WeChat’s parent company TenCent has created a winner. The threat to ban WeChat from the US, where it is especially popular among people with links to China, is an attack on the free speech of millions. To ban a popular platform of expression is an abrupt authoritarian turn that even staunch US critics could hardly have predicted a few years ago. The shocking shift in US policy reflects Trump’s defining values: he is mean, he is a bully, he is unpredictable, and, perhaps of greatest concern during this fraught election cycle, he is a sore-loser.


Silicon Valley is still a force of nature, so why is the US acting like a loser instead of a winner? Why the sudden smacking down of competitors?


Once the undisputed leader in computer hardware, app development, tech innovation and all things software, the US, under Trump’s insecure and petulant leadership, has taken to bullying and banning vital competitors.


Trump’s limited intellect, short attention span, tax tomfoolery and tattered business record all point to a “let’s make a deal” mentality. As a result, he has bullied and berated innovative companies such as Huawei, which makes excellent phones, and Tencent, which created WeChat among many other things, and ByteDance, the creator of Toutiao and the insanely popular video app, TikTok.


The US president may have mastered Twitter, but he doesn’t understand the complex, inter-connected tech ecosystem and his mistakes are coming back to bite. He has surrounded himself with nay-saying China Hawks such as Peter Navarro, Mike Pompeo and Michael Pillsbury who seek to level the playing field with China by beating a retreat from the field and then zapping it.


The preening desire to be number one at any cost and by any means on the part of the numbskull narcissist in the White House is causing the US to lose friends and lose influence at a precipitous rate.


There was a time where US business confidence was sufficiently buoyant to live and let live, to share its technology with the world, knowing it had new, superior products coming down the pipe. A time when tech artists and creators, such as Steve Jobs, and not money-grubbing parasites like Mark Zuckerberg ruled Silicon Valley.


Those days are over, if not objectively, then at least subjectively, in keeping with the doom and gloom headlines and the increasingly divisive and dour national mood.


When unbridled greed becomes the national ethos, it’s a race to the bottom.


Leaving some major foreign policy debacles aside, the US in the early post-war period exuded confidence and projected a naïve but not entirely insincere aura of global goodwill.  The complex, charismatic and tragic John F. Kennedy embodied that reach-for-the-sky, future-embracing ethos.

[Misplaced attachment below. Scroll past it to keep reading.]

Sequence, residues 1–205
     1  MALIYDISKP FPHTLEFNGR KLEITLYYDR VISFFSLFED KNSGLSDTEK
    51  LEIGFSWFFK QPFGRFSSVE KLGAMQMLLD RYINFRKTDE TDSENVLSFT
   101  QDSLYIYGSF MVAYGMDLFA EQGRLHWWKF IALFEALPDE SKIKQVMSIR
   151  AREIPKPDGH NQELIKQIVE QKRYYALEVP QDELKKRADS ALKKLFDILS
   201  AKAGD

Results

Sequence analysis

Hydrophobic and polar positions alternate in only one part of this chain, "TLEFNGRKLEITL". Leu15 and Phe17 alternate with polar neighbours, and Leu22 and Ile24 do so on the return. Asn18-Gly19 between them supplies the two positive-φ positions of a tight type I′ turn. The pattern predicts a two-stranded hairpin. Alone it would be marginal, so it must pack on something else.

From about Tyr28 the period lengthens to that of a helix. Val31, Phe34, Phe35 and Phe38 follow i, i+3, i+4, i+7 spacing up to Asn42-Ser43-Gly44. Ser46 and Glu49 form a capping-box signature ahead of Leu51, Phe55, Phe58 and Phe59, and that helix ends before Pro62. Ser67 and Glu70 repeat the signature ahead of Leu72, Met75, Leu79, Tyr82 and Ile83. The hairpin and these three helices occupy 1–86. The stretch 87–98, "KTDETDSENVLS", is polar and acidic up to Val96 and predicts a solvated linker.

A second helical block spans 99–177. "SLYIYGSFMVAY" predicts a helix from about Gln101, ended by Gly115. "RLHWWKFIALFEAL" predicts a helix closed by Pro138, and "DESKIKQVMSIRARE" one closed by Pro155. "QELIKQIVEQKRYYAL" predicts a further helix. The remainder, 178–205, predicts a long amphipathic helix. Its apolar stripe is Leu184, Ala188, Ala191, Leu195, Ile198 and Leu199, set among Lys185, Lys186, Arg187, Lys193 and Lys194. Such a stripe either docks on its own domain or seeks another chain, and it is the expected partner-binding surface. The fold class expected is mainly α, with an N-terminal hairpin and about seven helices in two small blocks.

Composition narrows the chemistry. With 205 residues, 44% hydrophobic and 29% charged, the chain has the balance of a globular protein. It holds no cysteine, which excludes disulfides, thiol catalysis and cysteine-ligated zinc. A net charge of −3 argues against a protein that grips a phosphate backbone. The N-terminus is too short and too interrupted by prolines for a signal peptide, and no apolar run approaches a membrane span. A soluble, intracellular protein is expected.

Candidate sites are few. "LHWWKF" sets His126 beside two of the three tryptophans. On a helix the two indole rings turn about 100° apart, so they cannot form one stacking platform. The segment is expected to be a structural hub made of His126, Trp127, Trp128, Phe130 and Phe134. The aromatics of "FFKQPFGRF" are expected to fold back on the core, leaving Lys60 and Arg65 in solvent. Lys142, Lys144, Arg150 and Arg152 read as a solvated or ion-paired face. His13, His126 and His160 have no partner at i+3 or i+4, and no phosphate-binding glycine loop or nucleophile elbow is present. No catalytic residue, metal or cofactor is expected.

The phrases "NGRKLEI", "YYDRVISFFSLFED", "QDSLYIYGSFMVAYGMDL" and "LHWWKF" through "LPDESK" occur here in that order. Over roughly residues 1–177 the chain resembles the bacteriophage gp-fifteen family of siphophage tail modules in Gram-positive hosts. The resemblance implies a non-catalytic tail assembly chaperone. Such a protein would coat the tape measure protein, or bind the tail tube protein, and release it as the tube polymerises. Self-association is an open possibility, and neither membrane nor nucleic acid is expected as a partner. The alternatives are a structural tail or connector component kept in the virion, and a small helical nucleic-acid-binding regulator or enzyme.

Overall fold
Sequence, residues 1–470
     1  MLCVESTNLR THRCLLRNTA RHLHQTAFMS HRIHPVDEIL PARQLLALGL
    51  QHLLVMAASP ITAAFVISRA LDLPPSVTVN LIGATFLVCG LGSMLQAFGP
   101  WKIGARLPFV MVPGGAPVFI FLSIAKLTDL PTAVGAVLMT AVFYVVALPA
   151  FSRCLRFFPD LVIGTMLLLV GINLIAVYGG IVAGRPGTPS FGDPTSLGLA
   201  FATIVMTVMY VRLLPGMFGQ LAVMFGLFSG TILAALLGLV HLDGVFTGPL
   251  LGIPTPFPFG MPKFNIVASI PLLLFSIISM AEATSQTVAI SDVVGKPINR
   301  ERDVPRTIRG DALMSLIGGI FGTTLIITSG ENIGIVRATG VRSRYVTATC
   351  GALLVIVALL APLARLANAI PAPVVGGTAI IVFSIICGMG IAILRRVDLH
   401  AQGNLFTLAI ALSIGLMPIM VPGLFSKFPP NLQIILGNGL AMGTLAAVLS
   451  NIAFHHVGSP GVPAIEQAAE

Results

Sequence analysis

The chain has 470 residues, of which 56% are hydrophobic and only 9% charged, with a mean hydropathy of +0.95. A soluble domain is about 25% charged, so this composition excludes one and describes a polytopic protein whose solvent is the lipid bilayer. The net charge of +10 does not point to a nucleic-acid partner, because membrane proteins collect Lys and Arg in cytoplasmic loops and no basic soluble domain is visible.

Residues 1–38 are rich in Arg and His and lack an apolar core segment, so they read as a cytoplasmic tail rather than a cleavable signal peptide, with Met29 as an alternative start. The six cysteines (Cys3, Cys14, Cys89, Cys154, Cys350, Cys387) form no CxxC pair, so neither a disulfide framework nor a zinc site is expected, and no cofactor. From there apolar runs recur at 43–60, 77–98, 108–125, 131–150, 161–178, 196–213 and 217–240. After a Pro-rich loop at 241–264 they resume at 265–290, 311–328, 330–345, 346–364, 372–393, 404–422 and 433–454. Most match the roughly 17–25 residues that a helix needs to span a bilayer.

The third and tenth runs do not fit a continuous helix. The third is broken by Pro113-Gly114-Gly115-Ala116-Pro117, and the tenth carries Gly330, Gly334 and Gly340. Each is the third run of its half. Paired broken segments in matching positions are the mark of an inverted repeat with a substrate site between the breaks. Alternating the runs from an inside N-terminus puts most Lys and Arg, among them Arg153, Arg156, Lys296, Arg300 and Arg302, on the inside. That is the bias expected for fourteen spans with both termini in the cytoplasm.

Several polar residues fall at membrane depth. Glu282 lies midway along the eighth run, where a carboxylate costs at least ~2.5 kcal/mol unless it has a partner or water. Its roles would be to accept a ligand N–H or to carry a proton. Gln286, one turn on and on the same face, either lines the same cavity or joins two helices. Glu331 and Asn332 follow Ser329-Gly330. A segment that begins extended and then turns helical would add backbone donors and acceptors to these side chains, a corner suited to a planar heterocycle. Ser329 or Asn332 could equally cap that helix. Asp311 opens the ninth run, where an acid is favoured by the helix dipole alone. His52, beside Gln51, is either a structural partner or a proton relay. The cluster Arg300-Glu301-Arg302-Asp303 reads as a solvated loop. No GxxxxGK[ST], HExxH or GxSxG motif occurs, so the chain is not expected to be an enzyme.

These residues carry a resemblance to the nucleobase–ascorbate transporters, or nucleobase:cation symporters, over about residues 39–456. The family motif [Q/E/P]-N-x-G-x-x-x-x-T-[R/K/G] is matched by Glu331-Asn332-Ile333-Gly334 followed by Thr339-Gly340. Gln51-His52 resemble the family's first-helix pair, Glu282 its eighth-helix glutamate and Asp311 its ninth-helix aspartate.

Even though the US limped out of Vietnam in 1975 with diminished prestige, and culture wars replaced the space race as a focus of national yearning, the country retained an internationalist perspective that led to a boom in US-China trade, tertiary education and cultural exchange.

The “good times” lasted through the Obama administration.


It’s gone now. Kaput. Gone, too, are the days of decency and graciousness. Michelle Obama famously summed up the winning attitude that helped her and fellow African Americans achieve much in the face of unfair obstacles and constant ridicule.


“When they go low, we go high.”


With Trump, all that’s changed. His method of operation and aspirational motto might as well be: “When they go low, we go even lower.”


It’s no coincidence he was groomed in the negative art of the deal by Roy Cohn, consigliere to criminals and Cold War McCarthyites.


Trump, showing signs of an undiagnosed obsession, has tried to dust off everything his predecessor touched and undo everything his predecessor did. The gilded redecoration of the White House is part of that obsession, if he had his way it would soon look like a chintzy branch of Trump Tower and a Trump golf course. That’s why First Lady Melania Trump was late in moving in, that’s why Jackie Kennedy’s much-beloved Rose Garden had to go.  


What’s all that got to do with WeChat? Every time Trump touches something, he makes it worse. America’s rose garden has been vandalized from within, it’s cracked and broken, its beauty withered on the vine.


Trump allowed the excoriation of Huawei to continue apace, while sleazily hinting that a “deal” was possible. He naively thought he could make some serious cash by banning TikTok and then unbanning it under new ownership, and only made a mess of things.


Ditto for WeChat.


What Trump cannot take a piece of, he will attempt to destroy. It’s the way he is. It is what it is.



Tuesday, September 22, 2020



Thursday, September 10, 2020



Mulan is a movie, a make-believe story, so it’s hard to understand why it’s attracting so much hate in the media. It’s much ado about nothing, a tempest in a teapot about a sappy princess film made for middle-schoolers from Manhattan to Manchuria. 

The film may have muddled a much-beloved myth, but most of the complaints are tangential to the film itself. Calls for a boycott are presumptuous, logically inane and pointedly political. The film is being social-media shamed; it’s a case of guilt by association, guilt by geography, guilt by China.